Each chapter is self-contained so there is no necessity to read this book from beginning to end but readers can skip to those chapters that hold the most interest for them.
With a little faith, trust and pixie dust, this book will transport you to a magical land where dreams are born and countless adventures await the young-in-heart.]
Table of Contents
Introduction by Margaret Kerry
Sir James Barrie & Peter Pan
Silent Movie Version (1924)
Walt’s Thoughts on Peter Pan
Making of Disney’s Peter Pan
Disney’s Peter Pan (1953)
Live Action Reference
Character Profile: Peter Pan
Character Profile: Captain Hook
Character Profile: Tinker Bell
Margaret Kerry Interview
Character Profile: The Darling Family & the Lost Boys
Character Profile: Never Land Tribe & Mermaids
Selling Peter Pan
Peter Pan in Comics
Tinker Bell Peanut Butter Commercials (1954)
Peter Pan in the Parks
Back to Never Land (1989)
Peter Pan on Ice
Return to Never Land (2002)
Pixie Hollow & Tinker Bell Films (2008)
Jake and the Never Land Pirates (2011)
The Rest of the Story
Afterword by June Foray
About the Author
Tuesday, August 30, 2022
It is with immense sadness that I learned yesterday that Ralph Eggleston had passed. Ralph was a wonderful individual, an incredibly talented artist and the director of my favorite Pixar short of all time, For The Birds.
This excellent article on CartoonBrew will tell you more about a person we will all miss dearly.
Friday, August 26, 2022
Thursday, August 25, 2022
VOLUNTEER NEEDED AT USC
Are you a student or a member of faculty at USC? If so, could you please contact me at firstname.lastname@example.org?
I am trying to conduct research about Mickey Mouse in the 1930s in the archives of the Japan Times, and one of the few universities that seem to grant access to their online archives is USC.
Many thanks in advance.
Friday, August 19, 2022
Before its official release at D23 Expo this year, I thought you would enjoy a preview. Here is how the first chapter starts:
Let’s start with legend. This is how, in February 1955, "Reader’s Digest" explained the birth of the True-Life Adventures, through the voice of cinematographer Al Milotte:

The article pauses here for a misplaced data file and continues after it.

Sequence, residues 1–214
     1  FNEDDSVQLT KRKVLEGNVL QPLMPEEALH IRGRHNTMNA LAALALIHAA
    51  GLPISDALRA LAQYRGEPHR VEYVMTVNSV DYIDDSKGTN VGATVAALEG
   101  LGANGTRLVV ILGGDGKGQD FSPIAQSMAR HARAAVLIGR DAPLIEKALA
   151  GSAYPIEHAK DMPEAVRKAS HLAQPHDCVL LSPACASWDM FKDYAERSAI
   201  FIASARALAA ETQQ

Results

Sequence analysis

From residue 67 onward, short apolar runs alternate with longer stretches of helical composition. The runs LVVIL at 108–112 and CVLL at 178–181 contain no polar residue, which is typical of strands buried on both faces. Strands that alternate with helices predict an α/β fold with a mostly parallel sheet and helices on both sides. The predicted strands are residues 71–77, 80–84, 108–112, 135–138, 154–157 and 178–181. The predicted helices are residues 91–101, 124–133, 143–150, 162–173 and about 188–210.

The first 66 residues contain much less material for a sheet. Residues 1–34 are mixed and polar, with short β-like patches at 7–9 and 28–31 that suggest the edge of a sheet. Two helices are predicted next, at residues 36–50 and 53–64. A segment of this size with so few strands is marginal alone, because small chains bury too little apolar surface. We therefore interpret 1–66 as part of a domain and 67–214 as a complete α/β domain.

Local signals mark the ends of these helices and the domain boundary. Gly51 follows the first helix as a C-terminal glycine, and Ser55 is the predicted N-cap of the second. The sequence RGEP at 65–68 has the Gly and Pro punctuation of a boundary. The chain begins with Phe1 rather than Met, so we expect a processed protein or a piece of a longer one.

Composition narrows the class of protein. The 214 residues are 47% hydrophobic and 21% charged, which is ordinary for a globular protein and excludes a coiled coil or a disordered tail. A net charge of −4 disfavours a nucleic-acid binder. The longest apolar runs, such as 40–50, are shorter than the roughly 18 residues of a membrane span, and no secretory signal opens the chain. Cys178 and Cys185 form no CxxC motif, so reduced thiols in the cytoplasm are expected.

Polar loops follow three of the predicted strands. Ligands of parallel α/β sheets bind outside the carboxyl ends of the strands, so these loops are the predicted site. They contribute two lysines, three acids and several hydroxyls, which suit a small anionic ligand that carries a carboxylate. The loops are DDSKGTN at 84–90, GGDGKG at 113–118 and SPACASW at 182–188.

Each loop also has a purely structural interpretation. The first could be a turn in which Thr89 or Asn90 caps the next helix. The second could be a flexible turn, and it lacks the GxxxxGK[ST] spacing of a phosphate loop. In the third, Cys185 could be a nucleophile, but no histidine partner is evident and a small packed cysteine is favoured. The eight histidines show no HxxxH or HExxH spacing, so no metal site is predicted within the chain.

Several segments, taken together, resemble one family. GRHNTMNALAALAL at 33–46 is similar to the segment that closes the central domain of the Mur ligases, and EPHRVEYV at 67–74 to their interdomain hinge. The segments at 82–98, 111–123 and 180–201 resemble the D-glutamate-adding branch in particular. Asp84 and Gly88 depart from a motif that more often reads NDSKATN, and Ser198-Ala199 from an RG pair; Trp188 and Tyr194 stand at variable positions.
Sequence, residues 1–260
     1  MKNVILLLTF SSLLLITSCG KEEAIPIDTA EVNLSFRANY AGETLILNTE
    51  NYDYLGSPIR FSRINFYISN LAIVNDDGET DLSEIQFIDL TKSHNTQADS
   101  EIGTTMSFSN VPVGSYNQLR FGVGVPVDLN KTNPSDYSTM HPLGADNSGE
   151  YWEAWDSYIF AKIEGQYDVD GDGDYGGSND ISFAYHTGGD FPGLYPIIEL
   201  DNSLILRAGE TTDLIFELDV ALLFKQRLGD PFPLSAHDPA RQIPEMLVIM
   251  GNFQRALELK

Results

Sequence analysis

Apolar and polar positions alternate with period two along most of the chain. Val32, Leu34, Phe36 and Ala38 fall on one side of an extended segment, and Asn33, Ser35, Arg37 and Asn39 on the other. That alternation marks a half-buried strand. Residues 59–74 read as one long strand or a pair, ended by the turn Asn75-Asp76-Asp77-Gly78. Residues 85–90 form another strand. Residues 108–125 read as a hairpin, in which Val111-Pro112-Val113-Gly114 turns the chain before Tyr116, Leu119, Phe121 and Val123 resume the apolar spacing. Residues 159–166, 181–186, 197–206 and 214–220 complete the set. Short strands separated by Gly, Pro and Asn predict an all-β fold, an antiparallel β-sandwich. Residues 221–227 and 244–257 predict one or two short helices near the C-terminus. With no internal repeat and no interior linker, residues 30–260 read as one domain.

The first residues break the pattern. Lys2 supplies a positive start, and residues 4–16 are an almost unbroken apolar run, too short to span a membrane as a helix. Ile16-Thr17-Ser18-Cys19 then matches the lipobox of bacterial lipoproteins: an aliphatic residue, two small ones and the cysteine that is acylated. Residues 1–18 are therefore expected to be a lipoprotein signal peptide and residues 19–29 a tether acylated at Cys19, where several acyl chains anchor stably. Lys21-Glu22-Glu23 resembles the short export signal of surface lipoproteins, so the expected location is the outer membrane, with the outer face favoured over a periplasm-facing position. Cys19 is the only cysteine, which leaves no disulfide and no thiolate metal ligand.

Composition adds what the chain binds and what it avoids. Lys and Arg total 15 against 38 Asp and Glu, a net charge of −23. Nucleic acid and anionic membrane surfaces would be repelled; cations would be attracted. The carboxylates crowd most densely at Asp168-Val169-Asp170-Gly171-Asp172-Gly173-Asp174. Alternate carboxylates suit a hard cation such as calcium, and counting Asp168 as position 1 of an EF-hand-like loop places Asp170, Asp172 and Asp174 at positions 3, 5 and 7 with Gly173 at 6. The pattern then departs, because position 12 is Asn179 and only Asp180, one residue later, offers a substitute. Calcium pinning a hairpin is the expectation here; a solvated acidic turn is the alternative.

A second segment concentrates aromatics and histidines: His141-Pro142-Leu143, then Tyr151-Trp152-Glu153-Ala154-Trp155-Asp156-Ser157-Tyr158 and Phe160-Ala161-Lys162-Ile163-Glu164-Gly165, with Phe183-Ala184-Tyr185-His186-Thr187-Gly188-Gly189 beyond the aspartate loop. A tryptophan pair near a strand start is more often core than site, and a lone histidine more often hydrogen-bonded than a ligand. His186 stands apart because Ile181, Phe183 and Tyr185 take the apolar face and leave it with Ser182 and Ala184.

"When I had a store in Alaska, Walt Disney walked in and said, 'How would you like to make some pictures for me up there?' I said, 'What kind of pictures?' He said vaguely, 'I don’t know—just pictures. Movies. You know—mining, fishing, building roads, the development of Alaska. I guess it will be a documentary or something—you know.'
I didn’t, but we went out and shot everything that moved and sent it to him. After a while he wired, 'Too many mines. Too many roads. More animals. More Eskimos.'
I wired, 'How about fur seals?'… Walt wired, 'Shoot fur seals,' and off we went."
This is a great story, and a wonderful tall tale. More compelling than this legend is the real account of the origins of Walt Disney’s True-Life Adventures, a series, which, in the late 1940s, revolutionized the art of nature cinematography as Ken Burns would reinvent the art of historical documentaries half a century later. To understand how and why the first of the True-Life Adventures, "Seal Island," was shot, produced, and released, we have to travel not only to Alaska but also to Arizona and to Maine. We have to unearth some of the abandoned True-Life Adventures, from "The Story of the Nile" to "Wild Horse Story." And we have to go back in time, to the year 1943, when Walt was starting to plan for the creative rebirth of The Walt Disney Studios after WWII.
In fact, our story begins even earlier, in the woods of Maine, in the Summer of 1938. Ten years before the completion of "Seal Island," our tale already features a team of naturalists armed with a camera.